Busy field days tenure comes to end

Sharon Paterson directs proceedings at the 2018 Southern Field Days event at Waimumu. Photo:...
Sharon Paterson directs proceedings at the 2018 Southern Field Days event at Waimumu. Photo: Stephen Jaquiery
Ask Sharon Paterson to recall the most memorable moments during her tenure as event manager-secretary of the Southern Field Days, and an unlikely response is forthcoming.

It was the day she and then organising committee chairman Logan Evans were chatting to Prime Minister John Key and deputy Prime Minister Bill English when they were "photo-bombed" by Road Safety Southland mascot Harry the Hippo.

"That was so hilarious," Mrs Paterson recalled.

Thousands of people will converge on the small, rural settlement of Waimumu this week for the event, which is held every second year — this year from Wednesday to Friday.

From its beginnings in 1982, it has evolved into the largest event of its type in the South Island and is second only to Mystery Creek nationally.

It will be Mrs Paterson’s last field days after six and-a-half years in the position, during which time she has seen it grow from 400 exhibitors to about 750 this year.

Mrs Paterson, who farms Waikaka Station at Greenvale with her husband Laurie and son and daughter-in-law Ross and Steph, joined the field days team in August 2013 thinking — "this sounds crazy now", she laughs — that she would have have one year doing field days work and then a year off, giving her more time to spend at home.

When she started the role, the piles were being put down for the Agri Centre and, every year since then, something had been done. The most recent addition was the new toilet block, something she was particularly pleased with.

"Every time I think I’ll have a year off, my lovely committee dream up some other wonderful adventure or task."

Mrs Paterson agreed most people would not comprehend the scale of the organisation of the event "until you actually get in it".

When she started, there was one row of exhibitors in paddock four; now, that was a full paddock and paddock five had been added.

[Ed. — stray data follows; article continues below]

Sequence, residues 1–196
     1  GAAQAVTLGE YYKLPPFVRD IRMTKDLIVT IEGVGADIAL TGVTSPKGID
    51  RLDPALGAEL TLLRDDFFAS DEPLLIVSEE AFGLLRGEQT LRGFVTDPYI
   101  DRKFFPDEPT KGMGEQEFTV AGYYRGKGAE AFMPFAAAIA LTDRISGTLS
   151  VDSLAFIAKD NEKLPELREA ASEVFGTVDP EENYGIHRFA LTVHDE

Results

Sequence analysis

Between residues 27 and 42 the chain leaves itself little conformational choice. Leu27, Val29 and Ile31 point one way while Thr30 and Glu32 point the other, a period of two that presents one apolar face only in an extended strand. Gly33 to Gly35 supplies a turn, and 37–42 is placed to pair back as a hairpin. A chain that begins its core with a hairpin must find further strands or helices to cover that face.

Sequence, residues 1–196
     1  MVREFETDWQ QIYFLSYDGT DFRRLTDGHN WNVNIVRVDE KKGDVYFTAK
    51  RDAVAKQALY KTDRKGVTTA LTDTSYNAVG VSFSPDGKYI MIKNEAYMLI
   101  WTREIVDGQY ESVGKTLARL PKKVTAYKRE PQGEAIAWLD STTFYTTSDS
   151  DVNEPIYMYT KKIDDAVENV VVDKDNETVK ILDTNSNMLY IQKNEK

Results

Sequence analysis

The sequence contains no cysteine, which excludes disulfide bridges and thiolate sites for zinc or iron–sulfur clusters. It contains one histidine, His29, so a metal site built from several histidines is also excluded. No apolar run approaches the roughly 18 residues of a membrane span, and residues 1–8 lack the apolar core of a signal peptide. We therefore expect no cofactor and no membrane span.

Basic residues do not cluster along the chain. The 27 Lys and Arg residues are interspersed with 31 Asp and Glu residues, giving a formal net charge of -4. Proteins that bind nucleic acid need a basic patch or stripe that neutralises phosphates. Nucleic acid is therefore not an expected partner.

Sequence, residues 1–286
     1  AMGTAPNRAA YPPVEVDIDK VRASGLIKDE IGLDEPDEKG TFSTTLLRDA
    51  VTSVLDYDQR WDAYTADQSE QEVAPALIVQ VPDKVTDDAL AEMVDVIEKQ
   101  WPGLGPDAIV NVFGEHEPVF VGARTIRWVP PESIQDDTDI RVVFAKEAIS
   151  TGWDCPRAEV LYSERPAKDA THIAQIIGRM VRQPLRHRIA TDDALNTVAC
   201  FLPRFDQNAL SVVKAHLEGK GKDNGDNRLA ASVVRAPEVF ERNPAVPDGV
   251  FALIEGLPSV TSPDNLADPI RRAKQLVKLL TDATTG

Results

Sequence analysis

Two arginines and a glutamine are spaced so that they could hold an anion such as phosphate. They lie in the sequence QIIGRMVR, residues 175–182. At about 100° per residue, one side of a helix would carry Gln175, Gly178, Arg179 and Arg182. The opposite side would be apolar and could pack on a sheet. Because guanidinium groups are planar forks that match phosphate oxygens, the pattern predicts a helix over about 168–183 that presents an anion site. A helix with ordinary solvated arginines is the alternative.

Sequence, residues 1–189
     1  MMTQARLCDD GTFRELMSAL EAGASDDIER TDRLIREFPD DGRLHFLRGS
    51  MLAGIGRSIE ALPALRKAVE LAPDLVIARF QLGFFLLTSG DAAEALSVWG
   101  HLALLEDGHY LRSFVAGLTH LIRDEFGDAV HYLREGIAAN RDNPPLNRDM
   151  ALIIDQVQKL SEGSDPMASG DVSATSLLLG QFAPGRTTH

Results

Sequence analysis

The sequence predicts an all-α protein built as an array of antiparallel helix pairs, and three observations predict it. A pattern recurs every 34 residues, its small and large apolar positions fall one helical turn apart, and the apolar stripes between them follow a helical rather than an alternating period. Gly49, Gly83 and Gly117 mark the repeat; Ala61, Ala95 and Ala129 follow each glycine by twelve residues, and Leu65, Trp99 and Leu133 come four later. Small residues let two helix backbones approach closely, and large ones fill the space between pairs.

There had been "huge leaps and bounds" since 2013, including consent to allow the facility to be used for other events.

Strategic planning had been done and the event, which now had structure, had "moved into the 21st century".

But Mrs Paterson stressed the event was not just about her — it was a team effort, and she derived satisfaction from helping set up the committee to succeed.

Money raised over the years had been used to buy the 60ha site, along with building the Agri Centre and other infrastructure.

Ironically, Mrs Paterson much preferred it during the rest of the year when there was "150 acres and no tents".

By the time field days week came around, she admitted she was very tired — "you function through it ... hit auto pilot", she said.

It was an all-consuming job, although she acknowledged that could have something to do with her nature.

"Maybe I make it that, I like to do the job right," she said.

She has been helped recently by her replacement, South Otago woman Jude McNab, who was coincidentally born and raised in Waimumu.

Mrs Paterson felt she did not have the energy left to grow the event to the next step, and somebody else was needed to come in with passion and enthusiasm.

During the event, she did not have much time to get out and about around the site, but one memorable occasion was showing then National leader Bill English around, shortly after he had resigned, and "having a yarn".

She had made some "fantastic" relationships through her involvement with the field days, and it was the contact with those people she would miss.

Some contractors she knew she could "ring up now and get a tent or 40 toilets — you know these guys are going to come through".

There was no fear of boredom setting in once she finished the position at the end of the month; the Paterson family is heavily involved with Hereford cattle and the World Hereford Conference is being held in the South in early March.

Then there was the 75th jubilee of her local Maitland dog trial club and there would probably be no down-time until April.

Then an agri-tourism venture was getting under way, which included opening Paterson Park and Gardens for garden tours later in the year.

On the farm, Mrs Paterson’s particular interest was the Texel sheep stud — she is vice-chairman of the Southern Texel Group — and she was also looking forward to spending more time with her grandchildren, her horse and her dogs.

 

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